The Republic of China Army operated 675 M113A1s and also built its own local variant, known as the CM-21 with different engines and transmissions and produced from 1982 to 2009 (over 1000), declined into the CM-22/23 Mortar carriers, CM-24/A1 Ammo carrier, CM-25 TOW launcher, CM-26 Command, and CM-27/A1 Artillery Tractor.
Since the UK had developed its own APCs, only the RAF base-protection Tracked Rapier (quad SAM launcher) used the M113A1 chassis as a basis.
The list includes Afghanistan (173), Albania (130), Argentina (500), Bahrain (239 est.), Bangladesh (10), Bolivia (50), Bosnia-Herzegovina (80), Brazil (584 Army +29 Marines), Cambodia (210, now 20) Chile (427), Colombia (120), Democratic Republic of the Congo (12), Denmark (632 PMV), Ecuador (20), Egypt (2,950), El Salvador (20), Ethiopia (110), Germany (east-German -ex-captured ARVN, West-German 4,000 units, deactivated since 2010), Greece (2,500), Iran (200), Iraq (173+ 440 refurbished A2s & 1,026 M113A2s bought June 2013), Indonesia (2), Israel (6,131), Italy (3,000+), Jordan (1300), Kuwait (80), Lithuania (210), Morocco (1,200), Republic of Macedonia (30), Netherlands (60), New Zealand (120, now replaced with NZLAV-111), Norway (900), Pakistan (1,600), Peru (130), Philippines(120 A1, 114 A2), Poland (35), Saudi Arabia (3,000), Singapore (1,200), Spain (860), Republic of China/Taiwan (675), South Korea (400), Thailand (385), Tunisia (140A1-334A2), Turkey (3,000+), United Nations (6), United States (6,000), Uruguay (24), Vietnam (750), Yemen (670). France only operated civilian versions for mountain firefighters and Sweden evaluated one M113. The United Kingdom only operated for the RAF the well-modified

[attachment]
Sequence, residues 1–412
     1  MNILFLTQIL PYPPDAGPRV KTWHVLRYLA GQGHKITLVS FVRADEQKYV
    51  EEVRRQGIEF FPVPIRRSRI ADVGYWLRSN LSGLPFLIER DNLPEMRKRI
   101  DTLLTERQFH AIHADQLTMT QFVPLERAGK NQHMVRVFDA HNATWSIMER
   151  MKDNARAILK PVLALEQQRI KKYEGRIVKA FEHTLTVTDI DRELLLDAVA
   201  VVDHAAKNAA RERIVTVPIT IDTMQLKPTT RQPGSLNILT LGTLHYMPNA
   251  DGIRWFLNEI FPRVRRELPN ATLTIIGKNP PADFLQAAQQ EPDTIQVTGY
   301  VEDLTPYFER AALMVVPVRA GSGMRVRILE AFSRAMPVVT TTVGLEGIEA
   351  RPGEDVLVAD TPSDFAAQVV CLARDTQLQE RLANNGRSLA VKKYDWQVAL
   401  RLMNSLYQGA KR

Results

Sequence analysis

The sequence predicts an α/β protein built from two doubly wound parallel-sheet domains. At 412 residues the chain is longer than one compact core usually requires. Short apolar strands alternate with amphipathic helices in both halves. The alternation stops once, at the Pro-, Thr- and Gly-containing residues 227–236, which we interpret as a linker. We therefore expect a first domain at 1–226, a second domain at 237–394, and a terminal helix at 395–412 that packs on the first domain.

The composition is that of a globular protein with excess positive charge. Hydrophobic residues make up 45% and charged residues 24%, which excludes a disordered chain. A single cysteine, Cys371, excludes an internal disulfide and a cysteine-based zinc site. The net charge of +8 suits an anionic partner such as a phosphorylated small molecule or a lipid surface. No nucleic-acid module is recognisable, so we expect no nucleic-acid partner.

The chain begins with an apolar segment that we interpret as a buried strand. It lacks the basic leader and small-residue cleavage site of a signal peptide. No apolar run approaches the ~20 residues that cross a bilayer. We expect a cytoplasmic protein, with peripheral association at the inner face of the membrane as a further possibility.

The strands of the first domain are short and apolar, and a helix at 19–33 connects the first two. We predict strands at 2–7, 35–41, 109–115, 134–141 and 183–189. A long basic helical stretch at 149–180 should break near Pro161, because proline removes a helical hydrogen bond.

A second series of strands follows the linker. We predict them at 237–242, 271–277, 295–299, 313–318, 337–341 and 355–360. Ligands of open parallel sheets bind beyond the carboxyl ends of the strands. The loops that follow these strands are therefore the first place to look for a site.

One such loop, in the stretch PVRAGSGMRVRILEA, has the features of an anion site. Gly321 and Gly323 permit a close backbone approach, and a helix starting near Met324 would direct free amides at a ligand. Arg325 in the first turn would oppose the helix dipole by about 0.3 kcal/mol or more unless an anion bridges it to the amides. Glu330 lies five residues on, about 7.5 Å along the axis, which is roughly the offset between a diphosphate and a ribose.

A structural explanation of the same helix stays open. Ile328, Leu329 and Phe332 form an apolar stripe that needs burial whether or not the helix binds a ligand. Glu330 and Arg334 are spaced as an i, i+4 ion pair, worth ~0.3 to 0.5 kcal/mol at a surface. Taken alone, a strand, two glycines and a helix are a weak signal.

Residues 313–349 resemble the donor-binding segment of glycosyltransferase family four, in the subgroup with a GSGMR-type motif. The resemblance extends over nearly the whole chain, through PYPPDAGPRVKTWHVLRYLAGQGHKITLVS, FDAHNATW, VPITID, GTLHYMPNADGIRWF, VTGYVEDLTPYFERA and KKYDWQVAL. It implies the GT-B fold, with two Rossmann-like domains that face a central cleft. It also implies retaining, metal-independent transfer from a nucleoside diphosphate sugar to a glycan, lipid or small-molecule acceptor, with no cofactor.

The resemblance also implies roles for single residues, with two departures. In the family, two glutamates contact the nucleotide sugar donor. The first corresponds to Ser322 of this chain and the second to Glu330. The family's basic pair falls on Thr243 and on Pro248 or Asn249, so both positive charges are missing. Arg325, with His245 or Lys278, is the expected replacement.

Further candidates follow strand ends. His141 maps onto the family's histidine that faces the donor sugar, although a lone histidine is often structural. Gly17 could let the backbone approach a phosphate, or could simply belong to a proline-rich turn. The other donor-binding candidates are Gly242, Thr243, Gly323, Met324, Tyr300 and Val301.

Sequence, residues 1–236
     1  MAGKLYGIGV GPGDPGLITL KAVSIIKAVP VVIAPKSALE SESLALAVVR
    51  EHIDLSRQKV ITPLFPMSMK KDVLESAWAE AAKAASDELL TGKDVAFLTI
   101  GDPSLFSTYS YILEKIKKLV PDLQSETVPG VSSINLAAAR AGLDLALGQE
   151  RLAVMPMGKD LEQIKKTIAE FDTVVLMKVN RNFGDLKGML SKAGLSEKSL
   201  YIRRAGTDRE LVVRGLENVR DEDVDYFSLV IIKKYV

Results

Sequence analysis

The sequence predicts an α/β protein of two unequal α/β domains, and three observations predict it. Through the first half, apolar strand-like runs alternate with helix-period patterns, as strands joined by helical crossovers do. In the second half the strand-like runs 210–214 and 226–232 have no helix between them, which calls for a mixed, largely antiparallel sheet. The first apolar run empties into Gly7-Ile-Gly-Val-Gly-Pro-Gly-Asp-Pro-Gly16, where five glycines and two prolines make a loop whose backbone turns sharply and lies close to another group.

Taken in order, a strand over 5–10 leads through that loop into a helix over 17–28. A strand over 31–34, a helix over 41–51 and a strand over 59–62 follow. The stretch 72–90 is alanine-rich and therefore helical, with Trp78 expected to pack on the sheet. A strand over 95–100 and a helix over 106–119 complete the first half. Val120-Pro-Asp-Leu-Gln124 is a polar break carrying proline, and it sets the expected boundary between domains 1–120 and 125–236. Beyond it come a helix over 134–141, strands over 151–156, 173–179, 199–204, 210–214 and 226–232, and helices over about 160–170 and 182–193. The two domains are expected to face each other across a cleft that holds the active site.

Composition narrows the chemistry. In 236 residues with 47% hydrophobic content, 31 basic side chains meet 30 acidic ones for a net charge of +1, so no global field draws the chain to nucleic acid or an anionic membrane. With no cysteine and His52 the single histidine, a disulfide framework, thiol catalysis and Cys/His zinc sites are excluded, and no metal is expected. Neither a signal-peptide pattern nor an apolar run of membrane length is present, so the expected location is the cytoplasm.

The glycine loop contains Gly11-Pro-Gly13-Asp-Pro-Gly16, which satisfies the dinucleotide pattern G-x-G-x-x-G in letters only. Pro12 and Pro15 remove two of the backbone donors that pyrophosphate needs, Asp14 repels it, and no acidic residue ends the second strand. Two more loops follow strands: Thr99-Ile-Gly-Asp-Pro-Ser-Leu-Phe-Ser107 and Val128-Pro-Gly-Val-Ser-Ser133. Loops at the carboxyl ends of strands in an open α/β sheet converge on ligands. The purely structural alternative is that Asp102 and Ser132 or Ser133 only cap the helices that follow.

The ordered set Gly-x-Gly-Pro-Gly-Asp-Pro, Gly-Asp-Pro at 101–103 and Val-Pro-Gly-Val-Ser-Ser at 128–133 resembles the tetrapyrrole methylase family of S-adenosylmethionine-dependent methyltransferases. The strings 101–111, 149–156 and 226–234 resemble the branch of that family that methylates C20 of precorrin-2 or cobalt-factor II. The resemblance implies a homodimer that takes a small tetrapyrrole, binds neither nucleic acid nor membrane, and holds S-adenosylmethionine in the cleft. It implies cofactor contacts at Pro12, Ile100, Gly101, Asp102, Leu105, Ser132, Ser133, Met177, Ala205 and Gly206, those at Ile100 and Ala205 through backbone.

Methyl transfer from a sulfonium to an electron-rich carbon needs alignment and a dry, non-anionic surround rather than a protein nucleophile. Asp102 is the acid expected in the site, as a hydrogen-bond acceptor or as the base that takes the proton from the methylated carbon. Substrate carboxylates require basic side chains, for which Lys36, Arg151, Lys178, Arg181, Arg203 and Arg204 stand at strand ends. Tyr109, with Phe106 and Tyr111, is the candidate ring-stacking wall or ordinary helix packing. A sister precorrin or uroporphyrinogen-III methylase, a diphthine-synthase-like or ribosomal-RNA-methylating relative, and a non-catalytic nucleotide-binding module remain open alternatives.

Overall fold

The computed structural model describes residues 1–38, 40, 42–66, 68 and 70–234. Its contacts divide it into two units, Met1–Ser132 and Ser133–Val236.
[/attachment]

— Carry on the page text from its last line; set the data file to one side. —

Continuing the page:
Users and battle records
The M113, because of its extremely long service lifespan and very large production plus massive exports worldwide, saw an impressive number of conflicts and wars throughout the century and beyond, perhaps only matched by the T-54/55. Since even the US did not consider to retire its modernized A3s and variants until 2030, let’s guess that it will be in service for much longer in many other countries, including in those producing enhanced copies as these lines are written. That would not be surprising to find direct evolution of the M113 still running around in forty years from now.